Of Lead &c

The heaviest and whitest of these are the best, and in point of colour

and body, are superior to all other whites. When pure and properly

applied in oil and varnish, they are comparatively safe and durable,

drying well without addition; but excess of oil discolours them, and in

water-painting they are changeable even to blackness. Upon all vegetable

lakes, except those of madder, they have a destructive effect; and are

injurious to gamboge, as well as to those almost obsolete pigments, red

and orange leads, king's and patent yellow, massicot, and orpiment. With

ultramarine, however, red and orange vermilions, yellow and orange

chromes, yellow and orange and red cadmiums, aureolin, the ochres,

viridian and other oxides of chromium, Indian red &c., they compound

with little or no injury. Lead colours must not be employed in

water-colour or crayon painting, distemper, or fresco. The whites of

lead are carbonates of that metal, with two exceptions:--Flemish white

or the sulphate, and Pattison's white or the oxychloride. In using all

pigments of which lead is the basis, cleanliness is essential to health.

White lead, by which we must be understood to mean the carbonate, always

contains when commercially prepared a certain proportion of hydrated

oxide. The less of the latter there is present, the better does the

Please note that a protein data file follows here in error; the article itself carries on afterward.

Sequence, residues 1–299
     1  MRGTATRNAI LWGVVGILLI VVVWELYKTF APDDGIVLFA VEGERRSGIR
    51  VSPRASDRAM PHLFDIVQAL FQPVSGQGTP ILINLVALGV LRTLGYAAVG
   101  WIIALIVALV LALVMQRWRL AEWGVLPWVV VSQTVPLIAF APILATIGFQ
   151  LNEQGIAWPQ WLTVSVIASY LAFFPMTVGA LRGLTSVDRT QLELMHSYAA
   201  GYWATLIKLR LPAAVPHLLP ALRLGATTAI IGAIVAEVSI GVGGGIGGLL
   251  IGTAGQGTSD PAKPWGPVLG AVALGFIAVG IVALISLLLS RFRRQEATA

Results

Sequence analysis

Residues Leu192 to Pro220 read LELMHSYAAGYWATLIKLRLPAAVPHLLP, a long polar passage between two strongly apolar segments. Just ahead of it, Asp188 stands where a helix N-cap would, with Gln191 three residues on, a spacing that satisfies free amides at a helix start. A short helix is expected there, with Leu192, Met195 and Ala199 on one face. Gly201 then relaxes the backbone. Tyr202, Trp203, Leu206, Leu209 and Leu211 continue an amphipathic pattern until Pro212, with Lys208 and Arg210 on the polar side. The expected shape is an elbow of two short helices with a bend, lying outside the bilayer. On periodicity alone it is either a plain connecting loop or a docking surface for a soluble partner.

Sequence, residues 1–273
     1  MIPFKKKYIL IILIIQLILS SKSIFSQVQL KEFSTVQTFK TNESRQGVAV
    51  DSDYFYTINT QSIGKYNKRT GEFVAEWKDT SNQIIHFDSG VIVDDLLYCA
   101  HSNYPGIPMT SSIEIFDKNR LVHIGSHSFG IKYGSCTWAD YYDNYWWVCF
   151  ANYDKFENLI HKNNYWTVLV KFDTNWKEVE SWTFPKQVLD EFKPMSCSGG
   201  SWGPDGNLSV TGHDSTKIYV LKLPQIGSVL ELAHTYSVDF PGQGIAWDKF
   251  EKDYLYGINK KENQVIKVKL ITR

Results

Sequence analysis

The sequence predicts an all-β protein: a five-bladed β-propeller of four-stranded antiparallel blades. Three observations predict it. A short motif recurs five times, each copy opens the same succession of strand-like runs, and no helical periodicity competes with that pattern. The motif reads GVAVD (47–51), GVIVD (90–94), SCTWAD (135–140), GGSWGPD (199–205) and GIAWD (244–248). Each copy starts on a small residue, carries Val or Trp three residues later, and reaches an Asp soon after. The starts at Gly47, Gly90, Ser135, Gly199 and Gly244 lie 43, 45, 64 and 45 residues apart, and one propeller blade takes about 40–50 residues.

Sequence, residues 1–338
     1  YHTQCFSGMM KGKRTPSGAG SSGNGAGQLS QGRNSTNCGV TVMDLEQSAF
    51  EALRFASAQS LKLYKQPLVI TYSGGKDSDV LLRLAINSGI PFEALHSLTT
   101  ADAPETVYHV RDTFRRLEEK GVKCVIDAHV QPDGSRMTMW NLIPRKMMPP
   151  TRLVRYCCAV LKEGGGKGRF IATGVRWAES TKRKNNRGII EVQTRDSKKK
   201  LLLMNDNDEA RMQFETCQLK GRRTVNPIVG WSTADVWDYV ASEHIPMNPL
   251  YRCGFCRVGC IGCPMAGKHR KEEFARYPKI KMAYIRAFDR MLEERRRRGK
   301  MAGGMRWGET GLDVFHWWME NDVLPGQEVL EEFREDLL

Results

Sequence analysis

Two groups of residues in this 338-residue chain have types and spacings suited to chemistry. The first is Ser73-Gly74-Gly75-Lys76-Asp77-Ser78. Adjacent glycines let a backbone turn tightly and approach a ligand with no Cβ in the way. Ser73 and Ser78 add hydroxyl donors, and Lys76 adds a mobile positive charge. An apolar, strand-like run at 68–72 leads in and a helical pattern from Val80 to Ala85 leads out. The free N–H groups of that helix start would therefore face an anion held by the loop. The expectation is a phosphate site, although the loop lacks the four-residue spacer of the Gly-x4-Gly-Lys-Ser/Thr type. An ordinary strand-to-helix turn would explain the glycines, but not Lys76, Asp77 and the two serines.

white cover, and the less liable is it to turn brown. The products

formed by precipitation have proved to be inferior in body: otherwise,

pure mono-carbonate of lead-oxide, obtained by mixing solutions of

carbonate of potash and a lead-salt, might be best adapted for a

pigment. However, such a carbonate has been lately produced by Mr.

Spence's process of passing carbonic acid gas into a caustic soda or

potash solution of lead, and for this white an opacity is claimed equal

to that of the ordinary compound.

Great as is the opacity of white lead, it is apt to lose that property

in some measure in course of time, and become more or less transparent.

If, over a series of dry oil-colour rubs of varied hues, there were

brushed sufficient white lead paint to utterly obscure them, after some

years those rubs would indistinctly appear, and by degrees become more

and more visible, until at last their forms--if not their very

colours--could be recognised. From this it would seem that white lead

must slowly but surely part with some of its carbonic acid, and be at

length converted into dicarbonate, a compound possessing less carbonic

acid, and less coating power.

Impure air, or sulphuretted hydrogen, browns or blackens white lead,

converting it partially or wholly into sulphide. It would appear from

the recent investigations of Dr. D. S. Price, that white lead is less

liable to be thus affected, when the pictures in which it is used are

exposed to a strong light; also, that when such pictures have so

suffered, a like exposure will restore them. We have ourselves noticed

the rapidity with which an oil rub of white lead that has been damaged

by foul gas, regains its former whiteness when submitted to air and

sunshine. The action of drying oils has been likewise proved to be very